THE BRASS TEAPOT
I had been told some good things about “The Brass Teapot” since its initial release. I have to admit it didn’t sound like something that would appeal to me, however I was definitely wrong about that. “The Brass Teapot” stars Juno Temple (Killer Joe, The Dark Knight Rises) and Michael Angarano (Almost Famous, Red State) l have to say these two have a very natural chemistry together that really comes through during the film. I can’t help but think these two are the twins of Renee Zellweger and Shia LaBeouf! It’s quiet freaky how often during the film, the mannerisms or idiosyncracies are comparable. I think they look very much the same too.
The story is about Alice (Temple) and John (Angarano) they are a couple having a hard time making ends meet. Stuck on the poor side of the little town they live in they are just trying to keep their heads above water. Alice is struggling to put her degree to any use and John is not performing at his telemarketing job. After John is fired and the two think their luck is running out they find a magical brass teapot. Yes you heard me correctly! The teapot pays money out when it’s in the company of someone who hurts themselves.
The director Ramaa Mosley has written a very original and clever script with “The Brass Teapot”. The basic story questions your morals and values. What do you place importance on in your life? What are you willing to do to better your life? All these questions are asked throughout the film. The music in the first half of the film was one thing that really stood out to me as original too. A mix of acoustic and indie style songs were used. The film looks great too. From the landscapes of small town suburbia, to some of the shots in the woods. The comedy is very well placed because ultimately the film is a drama. It’s a difficult thing to do to get that balancing act right especially in a film of this obscure nature (obviously the plot being completely illogical) Some of the scenes were very well put together. The standout comedic scene for me would be either the bedroom scene or the family dinner scene. Alice and John have had a bit to drink and let’s just say there is some witty banter with the in-laws. The concept of a brass teapot paying out after someone hurt’s themselves emotionally or physically is very awkward but funny.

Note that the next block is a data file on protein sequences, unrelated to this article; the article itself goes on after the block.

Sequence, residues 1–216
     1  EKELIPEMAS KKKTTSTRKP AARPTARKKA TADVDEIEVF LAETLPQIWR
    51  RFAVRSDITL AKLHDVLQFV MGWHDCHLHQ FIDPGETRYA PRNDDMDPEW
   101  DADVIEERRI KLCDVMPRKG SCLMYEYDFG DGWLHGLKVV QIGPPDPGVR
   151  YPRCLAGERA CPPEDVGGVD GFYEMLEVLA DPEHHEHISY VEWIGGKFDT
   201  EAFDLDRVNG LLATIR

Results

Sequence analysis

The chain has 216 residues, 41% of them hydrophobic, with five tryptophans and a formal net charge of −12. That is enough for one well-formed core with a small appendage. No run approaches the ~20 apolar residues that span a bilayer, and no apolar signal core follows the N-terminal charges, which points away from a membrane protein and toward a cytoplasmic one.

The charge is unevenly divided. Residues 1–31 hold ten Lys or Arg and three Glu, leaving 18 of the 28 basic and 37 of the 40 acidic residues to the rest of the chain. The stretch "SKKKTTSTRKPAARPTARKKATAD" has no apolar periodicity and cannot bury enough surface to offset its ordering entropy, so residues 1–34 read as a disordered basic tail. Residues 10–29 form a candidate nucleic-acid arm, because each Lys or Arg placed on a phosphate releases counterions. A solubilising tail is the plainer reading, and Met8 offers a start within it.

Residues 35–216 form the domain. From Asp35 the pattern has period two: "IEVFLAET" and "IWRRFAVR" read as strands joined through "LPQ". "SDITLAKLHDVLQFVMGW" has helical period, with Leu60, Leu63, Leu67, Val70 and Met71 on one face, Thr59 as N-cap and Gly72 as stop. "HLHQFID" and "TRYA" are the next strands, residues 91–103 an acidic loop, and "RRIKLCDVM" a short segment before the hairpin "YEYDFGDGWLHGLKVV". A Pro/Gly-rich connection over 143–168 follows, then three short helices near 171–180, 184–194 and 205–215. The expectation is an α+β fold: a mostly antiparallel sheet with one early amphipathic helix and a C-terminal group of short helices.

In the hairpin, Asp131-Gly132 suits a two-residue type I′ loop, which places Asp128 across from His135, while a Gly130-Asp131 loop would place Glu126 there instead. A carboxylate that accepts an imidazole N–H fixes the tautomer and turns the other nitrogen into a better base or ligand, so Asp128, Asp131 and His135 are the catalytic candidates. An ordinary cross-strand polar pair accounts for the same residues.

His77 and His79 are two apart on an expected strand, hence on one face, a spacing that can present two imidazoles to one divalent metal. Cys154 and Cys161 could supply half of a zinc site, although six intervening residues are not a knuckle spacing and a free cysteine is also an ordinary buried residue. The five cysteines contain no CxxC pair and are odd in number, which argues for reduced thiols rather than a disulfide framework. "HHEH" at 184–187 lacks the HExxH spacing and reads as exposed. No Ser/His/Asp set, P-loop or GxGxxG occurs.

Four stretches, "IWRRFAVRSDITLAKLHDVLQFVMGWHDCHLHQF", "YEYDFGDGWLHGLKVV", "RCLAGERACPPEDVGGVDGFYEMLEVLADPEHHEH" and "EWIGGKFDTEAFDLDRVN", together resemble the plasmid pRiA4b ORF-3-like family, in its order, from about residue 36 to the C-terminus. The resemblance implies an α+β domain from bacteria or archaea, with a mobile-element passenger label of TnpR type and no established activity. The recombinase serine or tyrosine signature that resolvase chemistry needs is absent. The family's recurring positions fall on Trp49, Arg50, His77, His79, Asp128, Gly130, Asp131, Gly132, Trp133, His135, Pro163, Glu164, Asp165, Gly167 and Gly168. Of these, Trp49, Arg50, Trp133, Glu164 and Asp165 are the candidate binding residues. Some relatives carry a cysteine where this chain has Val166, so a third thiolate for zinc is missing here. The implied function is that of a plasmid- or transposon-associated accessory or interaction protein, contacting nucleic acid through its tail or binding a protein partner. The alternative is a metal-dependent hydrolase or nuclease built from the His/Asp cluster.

We get a bit of back story on the teapot’s origin and what it really represents. This is shown through various oddball characters attempting to steal the teapot. It’s almost reminiscent of the Golden Tickets in Willy Wonka. Sadly I think the last act of the film trips and stumbles to the line a bit. Our characters start to have a conscience about their decision-making and ultimately how far they are willing to go for happiness. We have some scenes with the guy who I think was supposed to be Alice’s ex (can’t remember his name) These were out of context and the trailer home scene reminded of Temple’s other film “Killer Joe” but didn’t fit in this.
In the end I think what I like most about the film is that it says a lot about us as human beings. The things we think will make us happy. The element of greed, power, wealth and the respect we think goes along with all of that. It’s a film we can all relate too. Money does change people, it’s up to you how you choose to let it change you. Will it be for the better or the worse? How will you treat the people in your life? I like that there are lessons to be learnt in this film. On the other side of the coin it’s just a good, fun and honest film. It will probably go over a few people’s heads because of the fantasy element.. If you can’t look past the teapot paying money out to see what it really represents, this is not for you.
I haven’t seen an original idea as successful as this one since Harold Ramis’s “Bedazzled” this is the best combination of humour and drama that I have seen in a long time.
My rating for “The Brass Teapot” is 6.5/10